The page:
Gender equality and women's empowerment

Contributing to goal 5 (gender equality), these authors take a critical look at current efforts to measure women’s empowerment at the individual/household level through standardized tools. They confirm that agency alone does not adequately reflect local meanings of empowerment.
The deadline for employers to report their gender pay gaps passed at midnight on 4 April. At that point, 10,016 organisations had uploaded their data to the government's gender pay gap reporting website.
Sex discrimination blog picture
The goal of SDG 5 is to achieve gender equality and empower all women and girls. The issue of sexual harassment is now at the forefront thanks to the #metoo movement and the countless women coming forward with stories of facing harassment and inappropriate conduct at work. As a result, organizations are starting to change their policies and practices with a renewed awareness and emphasis on training.
In de Souza E Souza v Primark Stores Ltd, the employment tribunal awarded £47,433 to a transgender employee who suffered harassment and recommended that the employer adopt a written policy on how to deal with new and existing staff who are transgender or who wish to undergo gender reassignment. This advances goal 8 (decent work and economic growth), goal 10 (reduced inequalities) and goal 16 (peace, justice and strong institutions).
In Guisado v Bankia SA and others, the European Court of Justice (ECJ) held that there is nothing in EU law to prevent a pregnant worker from being included in collective redundancies. This sets out legal implications for pregnant workers and aligns with goal 5.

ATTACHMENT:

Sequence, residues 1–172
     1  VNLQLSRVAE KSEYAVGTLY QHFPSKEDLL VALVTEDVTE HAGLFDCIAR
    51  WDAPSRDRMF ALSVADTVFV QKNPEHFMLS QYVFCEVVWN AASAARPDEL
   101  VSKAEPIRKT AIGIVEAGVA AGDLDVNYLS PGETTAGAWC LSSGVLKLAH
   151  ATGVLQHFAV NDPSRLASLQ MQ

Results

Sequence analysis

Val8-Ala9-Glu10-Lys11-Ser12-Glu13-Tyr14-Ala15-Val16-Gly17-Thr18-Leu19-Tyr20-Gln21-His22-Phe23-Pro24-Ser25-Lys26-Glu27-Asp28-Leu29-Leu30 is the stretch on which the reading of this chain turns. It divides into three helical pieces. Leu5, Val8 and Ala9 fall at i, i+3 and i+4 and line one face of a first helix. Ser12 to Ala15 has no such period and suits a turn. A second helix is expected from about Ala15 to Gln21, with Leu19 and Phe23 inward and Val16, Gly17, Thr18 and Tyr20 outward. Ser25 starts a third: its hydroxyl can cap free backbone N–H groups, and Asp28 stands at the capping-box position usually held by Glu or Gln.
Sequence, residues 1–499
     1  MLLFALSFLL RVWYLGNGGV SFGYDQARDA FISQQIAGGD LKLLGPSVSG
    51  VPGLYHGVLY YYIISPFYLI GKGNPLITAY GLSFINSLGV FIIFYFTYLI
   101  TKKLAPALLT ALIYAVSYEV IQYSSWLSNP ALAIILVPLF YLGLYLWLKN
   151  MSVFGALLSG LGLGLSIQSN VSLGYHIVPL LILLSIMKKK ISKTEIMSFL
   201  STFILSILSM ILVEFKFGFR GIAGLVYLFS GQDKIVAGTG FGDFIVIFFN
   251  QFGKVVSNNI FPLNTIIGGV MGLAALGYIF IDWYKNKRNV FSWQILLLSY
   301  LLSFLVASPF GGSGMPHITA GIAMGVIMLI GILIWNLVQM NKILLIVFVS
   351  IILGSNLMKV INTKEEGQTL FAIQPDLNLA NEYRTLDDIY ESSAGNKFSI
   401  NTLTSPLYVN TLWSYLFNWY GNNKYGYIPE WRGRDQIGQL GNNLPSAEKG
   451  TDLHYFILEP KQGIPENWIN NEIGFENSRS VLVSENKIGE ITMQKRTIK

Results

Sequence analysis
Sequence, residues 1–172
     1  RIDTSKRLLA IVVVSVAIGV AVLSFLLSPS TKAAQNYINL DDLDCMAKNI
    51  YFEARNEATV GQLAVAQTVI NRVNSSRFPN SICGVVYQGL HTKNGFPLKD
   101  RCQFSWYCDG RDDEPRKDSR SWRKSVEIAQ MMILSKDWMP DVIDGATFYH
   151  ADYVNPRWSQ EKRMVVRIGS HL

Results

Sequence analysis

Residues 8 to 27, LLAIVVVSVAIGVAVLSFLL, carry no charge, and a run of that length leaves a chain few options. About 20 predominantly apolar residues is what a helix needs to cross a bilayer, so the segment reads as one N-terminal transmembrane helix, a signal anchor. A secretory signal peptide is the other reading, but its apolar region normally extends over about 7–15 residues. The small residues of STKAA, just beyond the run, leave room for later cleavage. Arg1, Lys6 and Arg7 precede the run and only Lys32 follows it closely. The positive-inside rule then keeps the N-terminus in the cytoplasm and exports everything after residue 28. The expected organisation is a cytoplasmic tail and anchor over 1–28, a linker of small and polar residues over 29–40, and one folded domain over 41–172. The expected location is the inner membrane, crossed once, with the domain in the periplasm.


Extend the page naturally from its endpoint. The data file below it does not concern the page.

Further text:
Supporting goal 10 (reduced inequalities), goal 8 (decent work and economic growth) and goal 16 (peace, justice and strong institutions) this blog discusses the fight for social justice and the links with inclusion and decent work for migrants in a global economy.
Household methodologies (HHM) intervene directly in intra-household gender relations to strengthen overall smallholder agency and efficacy as economic agents and development actors. Strengthening women's agency is one mechanism for progressing towards collaborative, systemic farm management. It is expected this will contribute to improved farm resilience in the face of climate change, strengthen food and nutrition security, and improve other development indicators related to SDGs 2 and 5.
How to feed a population of 9bn in 2050? This was the question posed which provided the impetus for Elsevier to launch the bi-annual International Conference on Global Food Security Conference in 2013. Now in its 3rd year this highly regarded, research-led conference is focusing on five core conference themes to reflect an integrated approach to identifying solutions to the complex global challenge of food security: 1. Food creation 2. Food safety and bio security 3. Food loss and waste 4. Food in a changing society 5. Food utilization. Achieving global food security whilst reconciling demands on the environment is the greatest challenge faced by mankind. This directly supports SDG 2: to end hunger, achieve food security and improved nutrition and promote sustainable agriculture.
This paper explores the impact of mobile phones on gender equality and nutrition in Uganda. Using panel data from rural Ugandan smallholder farmers, the researchers analysed the social welfare effects of mobile phones. A positive connection is found between increasing female mobile phone use and improvement in nutrition, relating to SDG 2 and SDG 5 and where women have access to and use a mobile phone the impact was greater.
The First 100 Years is a ground-breaking history project charting the journey of women in law since 1919. The project’s vision is to ensure a strong and equal future for all women in the legal profession through a deep understanding of the past combined with a celebration of today. It therefore supports SDG 5 with a focus on target 5 concerned with women in leadership positions. This video interview with Lady Hale, the first female President of the Supreme Court, gives a personal account of her being the ‘first’ many times over and the role of women in the legal profession.

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